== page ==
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Housing Development in Batschuns, Austria

These six low-energy dwellings comprise four two-storey houses stepped down along the road and a pair of three-storey houses turned at a slight angle towards the south. The development adopts the scale of the rural buildings in the area and makes reference to the weathered wood shingles of the local farmhouses in the form of its untreated larch façades. The structure consists of brick cross-walls and concrete floors. The absence of load-bearing internal walls and columns facilitates a free layout of the dwellings. It was possible to do without a conventional form of heating by virtue of the compact form of the development, its orientation towards the sun with almost fully glazed south faces, the restriction of the area of openings in the north face, the zoning of the layout, insulation of the highest standard and an air-tight form of construction. The minimal heating needs are met by a controlled ventilation system. The fresh-air intake is prewarmed to room temperature by means of heat-exchange units, solar gains and heat recovery. When the sky is overcast or when temperatures are extremely low, a mini-heat-pump is activated. Ventilation coils in the concrete floors supply the internal spaces with fresh air. On the ground floor, air inlets are situated in the glazed façade. Air extraction occurs in the kitchens and WCs. On the upper floor, ventilation is on a room-by-room basis. Water is heated by collectors integrated in the façade and on the flat roof. Each dwelling has a 750-litre solar boiler.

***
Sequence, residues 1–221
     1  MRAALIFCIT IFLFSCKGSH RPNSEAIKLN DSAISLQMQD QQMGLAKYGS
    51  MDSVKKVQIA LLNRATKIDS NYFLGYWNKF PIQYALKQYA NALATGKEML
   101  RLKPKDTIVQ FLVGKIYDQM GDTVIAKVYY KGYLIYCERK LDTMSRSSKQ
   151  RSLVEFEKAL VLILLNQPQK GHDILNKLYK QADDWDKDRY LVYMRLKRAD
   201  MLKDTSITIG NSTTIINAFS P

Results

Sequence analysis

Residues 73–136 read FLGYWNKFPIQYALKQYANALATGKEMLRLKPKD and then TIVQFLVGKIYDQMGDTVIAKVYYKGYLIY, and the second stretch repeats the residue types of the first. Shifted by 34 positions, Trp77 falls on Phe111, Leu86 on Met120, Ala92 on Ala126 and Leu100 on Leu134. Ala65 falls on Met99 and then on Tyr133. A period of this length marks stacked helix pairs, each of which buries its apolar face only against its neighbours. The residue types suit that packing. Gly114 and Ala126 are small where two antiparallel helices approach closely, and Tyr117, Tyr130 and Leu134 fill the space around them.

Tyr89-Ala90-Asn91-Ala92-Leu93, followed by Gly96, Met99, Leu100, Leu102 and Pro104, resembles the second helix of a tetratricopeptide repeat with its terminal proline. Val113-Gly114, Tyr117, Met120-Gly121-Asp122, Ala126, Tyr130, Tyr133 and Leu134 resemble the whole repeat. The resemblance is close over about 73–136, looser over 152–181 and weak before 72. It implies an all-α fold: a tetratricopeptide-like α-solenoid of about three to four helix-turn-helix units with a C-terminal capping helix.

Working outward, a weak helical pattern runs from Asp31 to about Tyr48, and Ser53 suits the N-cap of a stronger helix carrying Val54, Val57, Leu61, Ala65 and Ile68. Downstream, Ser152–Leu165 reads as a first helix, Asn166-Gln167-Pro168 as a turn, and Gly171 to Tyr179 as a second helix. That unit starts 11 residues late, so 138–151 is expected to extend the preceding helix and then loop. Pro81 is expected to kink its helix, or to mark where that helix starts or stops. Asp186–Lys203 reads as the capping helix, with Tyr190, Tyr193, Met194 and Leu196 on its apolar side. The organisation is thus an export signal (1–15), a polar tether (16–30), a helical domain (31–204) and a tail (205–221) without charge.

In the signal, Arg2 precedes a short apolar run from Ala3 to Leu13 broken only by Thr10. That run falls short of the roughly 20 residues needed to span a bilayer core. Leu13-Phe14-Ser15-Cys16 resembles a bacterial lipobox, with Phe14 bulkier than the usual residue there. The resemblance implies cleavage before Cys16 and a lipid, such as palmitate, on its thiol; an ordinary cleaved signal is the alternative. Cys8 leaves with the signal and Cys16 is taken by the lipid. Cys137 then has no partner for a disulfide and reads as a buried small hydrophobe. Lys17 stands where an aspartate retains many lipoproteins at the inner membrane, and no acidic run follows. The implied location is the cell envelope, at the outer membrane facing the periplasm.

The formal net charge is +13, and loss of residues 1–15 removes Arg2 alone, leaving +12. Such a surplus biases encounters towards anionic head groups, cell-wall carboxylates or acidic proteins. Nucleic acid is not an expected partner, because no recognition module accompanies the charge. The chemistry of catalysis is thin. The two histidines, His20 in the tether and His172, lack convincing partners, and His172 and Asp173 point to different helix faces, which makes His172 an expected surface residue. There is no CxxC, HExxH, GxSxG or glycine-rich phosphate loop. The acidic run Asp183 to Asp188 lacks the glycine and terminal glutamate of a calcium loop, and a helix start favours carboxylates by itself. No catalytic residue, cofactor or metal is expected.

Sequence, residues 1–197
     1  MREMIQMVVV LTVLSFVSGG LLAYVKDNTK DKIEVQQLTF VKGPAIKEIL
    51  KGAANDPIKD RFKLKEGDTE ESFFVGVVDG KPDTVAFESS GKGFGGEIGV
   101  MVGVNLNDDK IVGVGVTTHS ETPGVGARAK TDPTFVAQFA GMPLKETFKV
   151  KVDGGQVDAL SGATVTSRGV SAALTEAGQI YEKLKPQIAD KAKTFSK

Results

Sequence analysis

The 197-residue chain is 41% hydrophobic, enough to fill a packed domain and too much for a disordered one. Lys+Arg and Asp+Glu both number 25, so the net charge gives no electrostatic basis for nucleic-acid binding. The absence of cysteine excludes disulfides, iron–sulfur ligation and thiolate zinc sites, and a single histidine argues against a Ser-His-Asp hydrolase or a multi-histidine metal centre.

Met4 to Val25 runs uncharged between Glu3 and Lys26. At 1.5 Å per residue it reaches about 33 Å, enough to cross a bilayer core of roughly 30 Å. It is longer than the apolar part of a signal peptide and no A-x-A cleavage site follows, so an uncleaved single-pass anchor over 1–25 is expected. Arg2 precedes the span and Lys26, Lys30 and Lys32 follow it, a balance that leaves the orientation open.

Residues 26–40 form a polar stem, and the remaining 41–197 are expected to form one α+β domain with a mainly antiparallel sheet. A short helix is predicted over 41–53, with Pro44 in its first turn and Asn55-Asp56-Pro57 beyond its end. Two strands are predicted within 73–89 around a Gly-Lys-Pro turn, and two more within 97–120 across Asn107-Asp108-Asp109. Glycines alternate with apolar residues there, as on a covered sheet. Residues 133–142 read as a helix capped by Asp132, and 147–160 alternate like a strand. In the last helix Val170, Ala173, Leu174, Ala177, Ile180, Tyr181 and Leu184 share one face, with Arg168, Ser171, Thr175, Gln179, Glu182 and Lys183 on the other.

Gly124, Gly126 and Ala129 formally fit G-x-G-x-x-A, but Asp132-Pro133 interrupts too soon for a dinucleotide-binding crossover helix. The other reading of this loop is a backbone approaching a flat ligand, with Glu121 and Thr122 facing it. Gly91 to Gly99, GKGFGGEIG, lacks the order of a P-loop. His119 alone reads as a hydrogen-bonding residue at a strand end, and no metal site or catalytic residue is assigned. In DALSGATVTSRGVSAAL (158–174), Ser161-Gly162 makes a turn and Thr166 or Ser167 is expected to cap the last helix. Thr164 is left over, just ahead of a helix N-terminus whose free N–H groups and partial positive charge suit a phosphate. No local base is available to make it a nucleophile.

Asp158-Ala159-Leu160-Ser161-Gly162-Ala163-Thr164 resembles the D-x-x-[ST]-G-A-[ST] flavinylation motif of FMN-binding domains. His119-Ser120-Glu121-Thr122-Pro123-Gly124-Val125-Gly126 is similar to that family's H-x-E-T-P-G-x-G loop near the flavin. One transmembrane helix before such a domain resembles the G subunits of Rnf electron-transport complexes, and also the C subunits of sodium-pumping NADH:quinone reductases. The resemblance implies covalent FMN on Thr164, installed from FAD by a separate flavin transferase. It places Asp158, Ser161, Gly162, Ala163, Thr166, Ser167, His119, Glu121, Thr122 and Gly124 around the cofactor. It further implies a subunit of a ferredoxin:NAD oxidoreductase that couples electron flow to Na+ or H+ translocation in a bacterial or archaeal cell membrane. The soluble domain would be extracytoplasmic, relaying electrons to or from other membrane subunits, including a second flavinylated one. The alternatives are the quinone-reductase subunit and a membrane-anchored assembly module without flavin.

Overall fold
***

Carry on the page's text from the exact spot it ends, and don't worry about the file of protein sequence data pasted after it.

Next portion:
This article is taken out of the following magazine:
DETAIL 3/1999

Solar Architecture

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